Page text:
It’s not hard to find charter schools in a small town, or even in a major metropolitan area, that fail to meet basic educational standards, according to a report released Thursday by the Institute for College Access & Success.

The institute, which is an affiliate of the George Washington University, found that the schools failed to meet standards in reading, math and science, as well as graduation rates.

The report is the latest to document the failure of charters to meet the standards set by federal regulators, who have been working to expand access to public schools, including charter schools.

Charter schools, which are publicly owned, are designed to help families of all income levels in making ends meet.

But many of the schools are also plagued with financial problems that have made them less attractive to low-income families and those with limited education.

“This report shows that charter schools continue to struggle to meet these standards despite significant federal investment,” said Richard H. Hasen, a professor of education and policy at George Washington and the institute’s executive director.

“This means that, as more of the nation’s poorest families have fewer options, charter schools will continue to suffer in the long term.”

The report said the number of charter schools was down 7 percent from a year ago, with the number in the District dropping from 1,988 to 1,764.

The number of students in charter schools dropped by 12 percent over the same period.

It said the percentage of charter students who graduated from high school or college was down 6 percent from the year before, with only half of those who graduated going on to college.

Teachers, principals and other employees also are more likely to be laid off.

One in five charter schools were shuttered over the past year.

The charter school sector is growing at a rate of 2 percent per year, according the institute, but enrollment has been shrinking for a long time.

Since 2010, charter enrollment has declined more than 13 percent.

In 2015, the Education Department said charter schools had not performed as well on graduation rates as traditional public schools and had also been more likely than traditional public high schools to drop students, resulting in a net loss of graduates.

It also found that students who had been enrolled in charters in previous years were more likely for them to drop out or to drop to the lowest levels of education.

The institute said charter students are not required to be certified by a state-authorized credentialing agency to attend traditional public school, which typically requires a diploma from a public high school.

Instead, charter students can take courses from a variety of private and charter schools and are required to complete courses at their own expense, the institute said.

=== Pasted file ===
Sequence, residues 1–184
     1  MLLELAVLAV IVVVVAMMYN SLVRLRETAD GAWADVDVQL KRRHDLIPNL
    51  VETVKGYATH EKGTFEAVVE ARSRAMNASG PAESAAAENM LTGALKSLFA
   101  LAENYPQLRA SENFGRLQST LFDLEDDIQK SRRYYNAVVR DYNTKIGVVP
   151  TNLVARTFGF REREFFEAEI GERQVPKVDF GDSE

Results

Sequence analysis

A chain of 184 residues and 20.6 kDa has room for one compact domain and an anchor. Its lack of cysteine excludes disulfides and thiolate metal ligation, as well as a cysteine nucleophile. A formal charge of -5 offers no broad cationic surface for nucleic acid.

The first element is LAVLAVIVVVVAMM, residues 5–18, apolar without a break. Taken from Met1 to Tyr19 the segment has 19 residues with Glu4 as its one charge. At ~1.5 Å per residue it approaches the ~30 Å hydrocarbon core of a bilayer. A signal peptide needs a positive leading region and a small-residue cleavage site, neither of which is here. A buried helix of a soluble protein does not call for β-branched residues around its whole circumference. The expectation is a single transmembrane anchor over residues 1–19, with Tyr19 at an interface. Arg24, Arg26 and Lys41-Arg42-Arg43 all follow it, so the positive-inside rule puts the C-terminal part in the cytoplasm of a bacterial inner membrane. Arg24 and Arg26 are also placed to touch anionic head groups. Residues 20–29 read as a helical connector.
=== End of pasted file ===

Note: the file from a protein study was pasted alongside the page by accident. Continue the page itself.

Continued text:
In the meantime, many charter schools have been shuttering to save money.

At one charter school, a teacher and several students are facing dismissal.

The school has since reopened and will continue with its classes, the school’s administrator, James R. Mazzotti, said.

A spokesman for the Education Secretary, Arne Duncan, said in a statement that the report “reinforces the importance of ensuring that our public schools are open to all students.”

In the District, charter school enrollment has remained flat since the fall of 2014, according, according Education Department data.

There were 4,564 charter schools across the country, according a 2017 report by the Education Trust, an education nonprofit, that analyzed data from the Federal Register.

The report found that charter school students were the largest group of students enrolled in traditional public public schools at 11.6 percent of the students in the district.

Other cities and states are doing a better job of expanding charter schools compared to the District.

New York City opened a pilot program last year that allows students to use their own funds to attend public schools.

It opened more than 10,000 charters this year, with another 30,000 planned.

Some states have expanded charter schools or expanded their number of schools.

Maryland, where charters are permitted, added a total of 2,000 charter schools last year.

Connecticut, where there is a ban on charters, has added more than 700 charter schools since 2016.

States are also creating new types of charter programs.

For instance, New Jersey is opening a pilot school program to offer charter schools to students with special needs and students with disabilities.

In the District of Columbia, schools have begun offering charter schools for students with autism, special needs or disabilities.

In New York, the state has started pilot programs to offer charters for students who are deaf, have a developmental disability, are disabled by a mental illness or have a learning disability.

In Michigan, which has more than 200 charter schools under construction, students enrolled with a disability or a learning disorder can take charters if their school board approves it, the Department of Education said.

And a district in Ohio opened a charter school for students whose parents are financially responsible for the school.

In Louisiana, the Louisiana Department of Elementary and Secondary Education